'Orwellian' - Row breaks out over 'muted' town meeting
- Credit: Archant
A row has broken out over the handling of a town's annual meeting at which everyone except the person speaking was kept on mute.
But Sheringham's mayor, Madeleine Ashcroft, has defended the way she chaired the meeting, which was held over Zoom on April 27.
Jon Payne, who resigned as a town councillor last year, wrote to Mrs Ashcroft with "serious concerns" over the conduct of the meeting, calling it "Orwellian".
Mr Payne said attendees had no chance to ask questions - except to Mrs Ashcroft herself via private messaging, nor did members of the public have a chance to submit agenda items.
He said: "Any member of the public on the electoral register is entitled to speak at an annual parish meeting.
"[Mrs Ashcroft] set tonight’s meeting up so that all participants were on forced ‘mute’ and could not speak.
"This was not 'our' meeting. It was a set piece, carefully stage-managed to deny the residents of Sheringham their democratic and natural right to quiz their councillors, ask questions, and hold the council to account."
Mrs Ashcroft hit back at the claims. She said people could have asked questions in public during the meeting, but none had been submitted a deadline set by the council of April 23.
- 1 School closed its doors for three days after Covid outbreak
- 2 Where and when you can park for free in north Norfolk this Christmas
- 3 Deer herds relocated as part of dinosaur attraction's expansion plans
- 4 Conservatives gain Lib Dem ward in double by-election victory
- 5 Weather warning in place as snow falls in parts of Norfolk and Waveney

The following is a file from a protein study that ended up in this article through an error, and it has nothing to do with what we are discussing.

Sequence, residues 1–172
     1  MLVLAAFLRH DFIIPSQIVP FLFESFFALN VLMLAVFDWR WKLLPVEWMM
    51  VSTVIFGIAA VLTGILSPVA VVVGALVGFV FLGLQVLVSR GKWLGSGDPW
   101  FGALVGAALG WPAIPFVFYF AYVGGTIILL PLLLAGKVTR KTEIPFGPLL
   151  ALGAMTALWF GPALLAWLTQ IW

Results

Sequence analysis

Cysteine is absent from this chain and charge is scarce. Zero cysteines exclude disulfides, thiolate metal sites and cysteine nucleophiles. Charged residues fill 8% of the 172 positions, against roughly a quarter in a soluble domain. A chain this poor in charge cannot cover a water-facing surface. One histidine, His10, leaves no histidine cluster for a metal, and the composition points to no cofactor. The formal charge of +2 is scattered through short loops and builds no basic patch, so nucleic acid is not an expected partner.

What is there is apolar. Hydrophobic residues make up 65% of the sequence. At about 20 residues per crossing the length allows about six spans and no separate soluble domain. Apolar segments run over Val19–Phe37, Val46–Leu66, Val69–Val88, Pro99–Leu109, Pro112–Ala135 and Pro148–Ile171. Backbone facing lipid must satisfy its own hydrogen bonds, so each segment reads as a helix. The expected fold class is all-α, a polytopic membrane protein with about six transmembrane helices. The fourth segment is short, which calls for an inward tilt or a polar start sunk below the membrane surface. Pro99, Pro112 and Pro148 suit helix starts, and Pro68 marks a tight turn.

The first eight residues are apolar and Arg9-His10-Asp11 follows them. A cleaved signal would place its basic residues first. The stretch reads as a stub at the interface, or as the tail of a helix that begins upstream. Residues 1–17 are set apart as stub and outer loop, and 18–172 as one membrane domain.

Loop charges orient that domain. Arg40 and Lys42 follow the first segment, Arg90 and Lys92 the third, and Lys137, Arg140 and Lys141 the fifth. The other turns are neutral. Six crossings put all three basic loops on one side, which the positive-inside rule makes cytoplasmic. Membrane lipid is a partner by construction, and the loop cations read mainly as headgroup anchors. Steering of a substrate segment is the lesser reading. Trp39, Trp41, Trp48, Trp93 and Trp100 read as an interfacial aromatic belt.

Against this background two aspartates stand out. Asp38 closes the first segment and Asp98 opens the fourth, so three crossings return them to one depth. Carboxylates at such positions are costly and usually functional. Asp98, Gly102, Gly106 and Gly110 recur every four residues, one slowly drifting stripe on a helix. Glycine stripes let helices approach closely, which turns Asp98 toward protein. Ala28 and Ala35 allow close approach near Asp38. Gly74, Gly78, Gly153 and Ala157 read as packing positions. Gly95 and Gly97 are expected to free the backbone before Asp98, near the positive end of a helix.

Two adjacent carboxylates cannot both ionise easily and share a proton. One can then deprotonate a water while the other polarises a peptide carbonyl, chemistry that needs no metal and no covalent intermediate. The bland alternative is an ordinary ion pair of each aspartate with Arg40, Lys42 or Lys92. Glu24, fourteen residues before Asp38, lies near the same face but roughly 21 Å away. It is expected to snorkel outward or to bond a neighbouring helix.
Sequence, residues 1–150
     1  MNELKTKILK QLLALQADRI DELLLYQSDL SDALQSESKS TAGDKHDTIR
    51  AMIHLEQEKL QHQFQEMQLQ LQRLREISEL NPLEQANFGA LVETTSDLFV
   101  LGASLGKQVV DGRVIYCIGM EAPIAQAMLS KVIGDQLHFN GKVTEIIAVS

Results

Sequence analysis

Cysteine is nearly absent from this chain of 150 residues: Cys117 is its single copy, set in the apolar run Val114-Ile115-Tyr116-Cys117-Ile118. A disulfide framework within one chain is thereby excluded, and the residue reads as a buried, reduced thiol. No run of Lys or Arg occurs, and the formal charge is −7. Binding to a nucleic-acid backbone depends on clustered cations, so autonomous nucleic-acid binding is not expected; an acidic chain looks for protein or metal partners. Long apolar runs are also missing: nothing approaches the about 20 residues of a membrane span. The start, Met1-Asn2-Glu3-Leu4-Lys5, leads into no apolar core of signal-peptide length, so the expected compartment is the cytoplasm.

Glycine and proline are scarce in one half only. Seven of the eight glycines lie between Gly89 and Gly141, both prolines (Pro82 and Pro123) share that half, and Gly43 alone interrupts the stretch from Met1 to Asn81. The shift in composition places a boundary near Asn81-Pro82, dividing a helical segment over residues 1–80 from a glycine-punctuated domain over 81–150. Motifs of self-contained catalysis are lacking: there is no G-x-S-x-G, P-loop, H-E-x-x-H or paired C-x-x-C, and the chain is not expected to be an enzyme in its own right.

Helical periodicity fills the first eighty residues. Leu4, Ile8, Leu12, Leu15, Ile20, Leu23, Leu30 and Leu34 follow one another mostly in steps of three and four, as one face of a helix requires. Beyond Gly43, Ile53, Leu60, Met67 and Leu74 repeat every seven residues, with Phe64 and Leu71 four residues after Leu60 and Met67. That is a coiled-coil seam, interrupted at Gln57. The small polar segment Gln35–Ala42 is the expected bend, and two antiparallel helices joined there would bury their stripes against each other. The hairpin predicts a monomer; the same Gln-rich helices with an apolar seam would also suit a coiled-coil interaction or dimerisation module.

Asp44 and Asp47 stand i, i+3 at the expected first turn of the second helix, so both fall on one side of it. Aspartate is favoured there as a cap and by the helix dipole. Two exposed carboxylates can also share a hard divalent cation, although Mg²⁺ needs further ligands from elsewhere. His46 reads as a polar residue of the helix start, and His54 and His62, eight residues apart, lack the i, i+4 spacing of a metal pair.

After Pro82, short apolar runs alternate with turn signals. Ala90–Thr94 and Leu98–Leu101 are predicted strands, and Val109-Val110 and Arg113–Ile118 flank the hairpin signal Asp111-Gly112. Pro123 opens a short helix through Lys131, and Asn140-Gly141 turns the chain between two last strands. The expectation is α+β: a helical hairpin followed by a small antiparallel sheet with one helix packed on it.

- 6 What's in a Broad? Delving beneath the surface of Norfolk's wonderful waterways
- 7 'This affects everyone' - Erosion strikes Hemsby again
- 8 What to see in the sky in December: The 'Cold Moon' and meteor showers
- 9 Car and front doors opened overnight - but nothing stolen
- 10 Obituary: Milkman who did the rounds for 40 years dies aged 81
She said she also had to be mindful that it was a pre-election period - also known as purdah - "bearing in mind the likelihood of contentious issues being raised".
Mrs Ashcroft said some unannounced questions that would have been asked could have either contravened purdah rules or "stirred up negativity and angst at what was intended to be a positive event celebrating and applauding achievements during a very difficult 12 months of Covid restrictions".
She said members of the public did have a chance to add agenda items, but the only one who came forward to do this was Rob Spray, who went onto speak at the meeting about the Sheringham Snorkel Trail.
Mr Payne said not allowing members of the public to speak without notice ran against the Local Government Act and the town council's own standing orders, but Mrs Ashcroft pointed out that this was not a town council meeting.
She said questions which had been posed during the meeting by private message would be answered via the town council website by the end of the week.